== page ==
Pentagon Orders Soldiers to Switch Off GPS

Pentagon Orders Soldiers to Switch Off GPS

Pentagon Orders Soldiers to Switch Off GPS

The Department of Defense is prohibiting personnel from using geolocation features on their devices while serving in certain locations after concerns that the information transmitted from such devices was jeopardizing the security of American forces around the world, including those deployed in classified or sensitive areas.

This includes fitness trackers, smartphones and potentially even dating apps. The department said in January that it was reviewing its policies regarding location-tracking devices and apps after the fitness tracking app Strava published an interactive map online that accidentally revealed the locations of USA military bases in sensitive locations around the world.

If a commander determines the risk is too great, the devices and apps themselves won't be prohibited, so long as the location-tracking features on them can be ― and are ― switched off.

According to the Associated Press, commanders have been tasked with determining whether Global Positioning System functionality should be allowed at their location based on the potential security risks that such use could pose.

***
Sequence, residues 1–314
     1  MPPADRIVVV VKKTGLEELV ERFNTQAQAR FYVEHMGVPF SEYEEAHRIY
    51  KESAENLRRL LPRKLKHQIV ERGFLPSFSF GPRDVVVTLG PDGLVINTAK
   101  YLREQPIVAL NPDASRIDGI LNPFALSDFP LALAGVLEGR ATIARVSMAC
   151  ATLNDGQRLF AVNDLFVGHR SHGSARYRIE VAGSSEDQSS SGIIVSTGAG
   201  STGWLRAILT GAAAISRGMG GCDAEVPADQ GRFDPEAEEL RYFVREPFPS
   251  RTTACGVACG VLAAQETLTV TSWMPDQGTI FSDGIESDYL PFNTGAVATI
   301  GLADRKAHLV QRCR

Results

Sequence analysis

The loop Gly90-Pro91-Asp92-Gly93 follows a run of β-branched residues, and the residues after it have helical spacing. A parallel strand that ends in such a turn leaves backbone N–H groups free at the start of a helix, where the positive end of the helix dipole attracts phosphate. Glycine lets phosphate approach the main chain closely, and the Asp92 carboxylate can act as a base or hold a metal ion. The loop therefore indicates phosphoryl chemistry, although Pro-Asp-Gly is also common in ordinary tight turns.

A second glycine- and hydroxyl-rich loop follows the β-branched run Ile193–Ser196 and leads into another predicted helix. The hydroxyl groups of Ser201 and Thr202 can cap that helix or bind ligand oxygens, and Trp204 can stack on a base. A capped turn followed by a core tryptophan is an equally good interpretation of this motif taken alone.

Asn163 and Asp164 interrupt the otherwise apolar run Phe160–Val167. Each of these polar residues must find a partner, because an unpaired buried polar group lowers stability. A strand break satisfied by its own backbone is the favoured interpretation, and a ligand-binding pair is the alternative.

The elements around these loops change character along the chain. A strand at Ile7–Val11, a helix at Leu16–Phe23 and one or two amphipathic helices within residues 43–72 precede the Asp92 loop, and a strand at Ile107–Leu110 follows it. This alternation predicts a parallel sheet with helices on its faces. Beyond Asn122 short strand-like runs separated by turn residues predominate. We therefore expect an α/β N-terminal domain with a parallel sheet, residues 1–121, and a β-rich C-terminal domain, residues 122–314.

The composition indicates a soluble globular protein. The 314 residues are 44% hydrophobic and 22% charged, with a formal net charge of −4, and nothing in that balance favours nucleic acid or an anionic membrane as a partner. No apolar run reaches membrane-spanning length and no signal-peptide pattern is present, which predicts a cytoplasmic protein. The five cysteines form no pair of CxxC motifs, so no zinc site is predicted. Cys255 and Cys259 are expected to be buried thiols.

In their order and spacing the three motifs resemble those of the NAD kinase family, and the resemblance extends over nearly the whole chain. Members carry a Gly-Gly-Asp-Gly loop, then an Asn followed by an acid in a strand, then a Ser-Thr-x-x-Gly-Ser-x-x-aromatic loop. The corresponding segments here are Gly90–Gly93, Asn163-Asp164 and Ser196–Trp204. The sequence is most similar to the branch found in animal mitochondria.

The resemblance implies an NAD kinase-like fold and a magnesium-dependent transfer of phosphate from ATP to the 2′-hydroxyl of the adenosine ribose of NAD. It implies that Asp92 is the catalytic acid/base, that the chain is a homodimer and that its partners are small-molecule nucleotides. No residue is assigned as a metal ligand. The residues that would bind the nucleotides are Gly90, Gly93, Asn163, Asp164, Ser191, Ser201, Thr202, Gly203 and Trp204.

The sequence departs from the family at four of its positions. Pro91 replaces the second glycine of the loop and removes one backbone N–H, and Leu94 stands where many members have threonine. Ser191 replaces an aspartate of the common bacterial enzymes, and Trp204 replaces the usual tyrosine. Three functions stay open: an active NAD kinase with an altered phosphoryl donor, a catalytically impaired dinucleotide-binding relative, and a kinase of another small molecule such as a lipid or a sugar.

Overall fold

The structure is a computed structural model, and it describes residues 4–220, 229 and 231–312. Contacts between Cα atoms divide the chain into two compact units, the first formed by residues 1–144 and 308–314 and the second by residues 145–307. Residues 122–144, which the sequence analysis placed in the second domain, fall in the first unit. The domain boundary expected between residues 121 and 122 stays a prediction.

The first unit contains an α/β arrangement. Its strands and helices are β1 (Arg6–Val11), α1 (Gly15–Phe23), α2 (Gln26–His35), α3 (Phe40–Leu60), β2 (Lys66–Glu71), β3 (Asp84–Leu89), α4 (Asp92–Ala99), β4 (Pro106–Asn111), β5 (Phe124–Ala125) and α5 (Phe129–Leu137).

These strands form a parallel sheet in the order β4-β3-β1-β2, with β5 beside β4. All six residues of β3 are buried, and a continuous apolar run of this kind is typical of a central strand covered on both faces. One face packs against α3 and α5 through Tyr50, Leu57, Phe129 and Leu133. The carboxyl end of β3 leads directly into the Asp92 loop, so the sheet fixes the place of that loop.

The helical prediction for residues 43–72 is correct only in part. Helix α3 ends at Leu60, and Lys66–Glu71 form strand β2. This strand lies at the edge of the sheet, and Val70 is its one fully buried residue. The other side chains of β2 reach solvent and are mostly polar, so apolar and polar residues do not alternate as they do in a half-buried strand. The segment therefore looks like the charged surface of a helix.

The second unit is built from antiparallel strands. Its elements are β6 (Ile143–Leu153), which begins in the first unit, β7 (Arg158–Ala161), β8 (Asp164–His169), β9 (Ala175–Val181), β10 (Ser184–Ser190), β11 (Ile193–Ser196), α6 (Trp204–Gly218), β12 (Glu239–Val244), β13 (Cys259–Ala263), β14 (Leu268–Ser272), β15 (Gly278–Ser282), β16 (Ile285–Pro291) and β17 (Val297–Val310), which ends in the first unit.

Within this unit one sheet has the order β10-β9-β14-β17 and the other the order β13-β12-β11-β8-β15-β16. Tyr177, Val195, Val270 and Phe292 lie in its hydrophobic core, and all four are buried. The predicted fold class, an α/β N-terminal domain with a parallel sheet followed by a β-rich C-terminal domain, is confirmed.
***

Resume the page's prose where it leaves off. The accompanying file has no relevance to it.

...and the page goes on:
In cases where these capabilities pose a "threat to personnel and operations", commanders and supervisors will provide OPSEC training and "apply a tiered structure for categorizing location and operations sensitivity while incorporating risk factors to ensure restrictions are consistently and rationally applied", the memo states. The map showed bright spots of activity in places such as Syria and Somalia, where there were otherwise few users of fitness trackers.

'It goes back to making sure that we're not giving the enemy an unfair advantage and we're not showcasing the exact locations of our troops worldwide, ' Manning said.

"Zooming in on one of the larger bases clearly reveals its internal layout, as mapped out by the tracked jogging routes of numerous soldiers", The Guardian reported at the time.

That memo allowed cellphones to still be used in Pentagon common areas and offices, but made clear the current practice that requires phones be left in daily-use storage containers located outside the secure spaces where sensitive or classified materials are handled or discussed.

Heather Pierce, a spokeswoman for Fitbit, said Monday: 'Fitbit is committed to protecting consumer privacy and keeping data safe.

Fitbit users are able to connect their devices to Strava, allowing friends to see any Fitbit-related activities.

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